Well, actually, a pose won't give you motion blur, muscle flex, or the flow of clothing, especially if the character wears robes, sashes or capes. Also I find that the facial expression tends to mirror the action that the character is doing. With a pose, especially with those who are inexperienced at posing, would tend to have a dull or disinterested expression. So there are a great many benefits to actual motion. Hence, my question.
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Unread 08-10-2010, 11:34 PM   #85
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Well, imho it depends on the costume. If I'm not quite finished making it and some of it is held together with safety pins and glue I probably shouldn't be running and jumping and kicking in it. But if I can do the action and my clothes can withstand the action I think it looks better to actually do the action. Alternatively I'll pose like I'm about to do the action. Cause you're right, it's kind of impossible to fake action since the motion won't be there.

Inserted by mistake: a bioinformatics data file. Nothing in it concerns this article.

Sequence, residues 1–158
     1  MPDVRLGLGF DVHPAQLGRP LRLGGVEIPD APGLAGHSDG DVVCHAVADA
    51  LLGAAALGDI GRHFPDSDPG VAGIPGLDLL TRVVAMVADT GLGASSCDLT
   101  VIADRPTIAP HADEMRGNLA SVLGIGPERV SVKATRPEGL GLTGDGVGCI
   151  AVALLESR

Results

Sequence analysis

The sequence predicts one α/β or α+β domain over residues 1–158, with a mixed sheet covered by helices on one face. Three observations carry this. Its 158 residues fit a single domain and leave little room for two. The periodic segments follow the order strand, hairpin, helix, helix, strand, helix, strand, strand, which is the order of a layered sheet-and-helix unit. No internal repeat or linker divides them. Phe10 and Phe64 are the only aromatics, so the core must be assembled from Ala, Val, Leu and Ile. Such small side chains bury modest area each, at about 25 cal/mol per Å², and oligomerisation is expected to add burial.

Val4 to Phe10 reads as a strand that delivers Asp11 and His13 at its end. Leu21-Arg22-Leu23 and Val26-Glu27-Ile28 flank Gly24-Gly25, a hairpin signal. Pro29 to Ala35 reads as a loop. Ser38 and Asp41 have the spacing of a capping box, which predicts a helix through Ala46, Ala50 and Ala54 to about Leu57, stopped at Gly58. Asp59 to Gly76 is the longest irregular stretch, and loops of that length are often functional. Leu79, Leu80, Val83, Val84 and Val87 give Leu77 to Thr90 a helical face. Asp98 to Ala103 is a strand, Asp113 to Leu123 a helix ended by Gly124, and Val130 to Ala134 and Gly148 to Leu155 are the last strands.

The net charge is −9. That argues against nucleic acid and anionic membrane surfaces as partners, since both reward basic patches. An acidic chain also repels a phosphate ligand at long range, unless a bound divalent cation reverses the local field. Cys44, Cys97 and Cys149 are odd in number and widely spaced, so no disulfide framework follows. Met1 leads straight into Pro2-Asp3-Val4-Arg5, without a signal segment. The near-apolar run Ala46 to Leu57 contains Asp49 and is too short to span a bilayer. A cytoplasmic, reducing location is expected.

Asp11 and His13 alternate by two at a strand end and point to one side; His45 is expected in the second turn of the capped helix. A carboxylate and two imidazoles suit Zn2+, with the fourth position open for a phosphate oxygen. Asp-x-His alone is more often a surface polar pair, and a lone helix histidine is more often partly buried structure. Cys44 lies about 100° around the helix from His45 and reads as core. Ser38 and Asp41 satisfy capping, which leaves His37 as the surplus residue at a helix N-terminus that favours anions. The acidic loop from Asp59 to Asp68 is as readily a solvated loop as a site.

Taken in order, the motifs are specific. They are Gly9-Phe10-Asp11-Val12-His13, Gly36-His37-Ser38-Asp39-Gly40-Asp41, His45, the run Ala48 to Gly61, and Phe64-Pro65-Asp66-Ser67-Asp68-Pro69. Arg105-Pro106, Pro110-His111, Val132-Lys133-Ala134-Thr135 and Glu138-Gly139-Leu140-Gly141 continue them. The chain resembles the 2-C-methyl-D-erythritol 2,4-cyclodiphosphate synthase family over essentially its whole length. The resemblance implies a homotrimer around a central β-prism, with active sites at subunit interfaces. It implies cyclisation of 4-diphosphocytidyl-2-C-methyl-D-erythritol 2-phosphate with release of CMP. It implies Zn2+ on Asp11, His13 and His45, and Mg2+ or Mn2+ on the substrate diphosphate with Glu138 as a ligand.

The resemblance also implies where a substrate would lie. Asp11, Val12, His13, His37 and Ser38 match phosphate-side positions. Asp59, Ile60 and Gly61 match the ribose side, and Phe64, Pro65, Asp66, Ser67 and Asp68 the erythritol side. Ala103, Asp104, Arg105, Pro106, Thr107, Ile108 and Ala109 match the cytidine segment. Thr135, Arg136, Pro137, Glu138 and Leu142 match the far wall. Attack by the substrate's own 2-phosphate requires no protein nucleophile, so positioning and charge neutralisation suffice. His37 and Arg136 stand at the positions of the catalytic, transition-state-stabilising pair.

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Unread 08-11-2010, 01:13 AM   #86
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New question (or two)! When I do photography of a cosplayer, or anyone for that matter, I tend to do more artistic shots rather than just hallway snapshots. At the end of a convention I will look over all the photos I've taken and then clean up and use the ones I like most by placing them on my site. When I do this, I put a watermark on them with my website address in the corner. This is just for my protection since I don't want my hard work to get stolen and shoved up anywhere on flicker without proper credit.

So, question 1: As a cosplayer, are you ok with receiving your photos with a watermark in the corner of the file so long as it's kept non-obtrusive and doesn't detract from the image? Bear in mind that I'm not charging for the photoshoot.

Question 2: I'm going to be getting cards made up to take with me since so many people kept asking where to find their photos from the convention. Should I wait to give a card until it is asked for or offer it up once I snap a few shots? I don't want to go tossing a card in someone's face if they really don't care a lick about seeing what I took.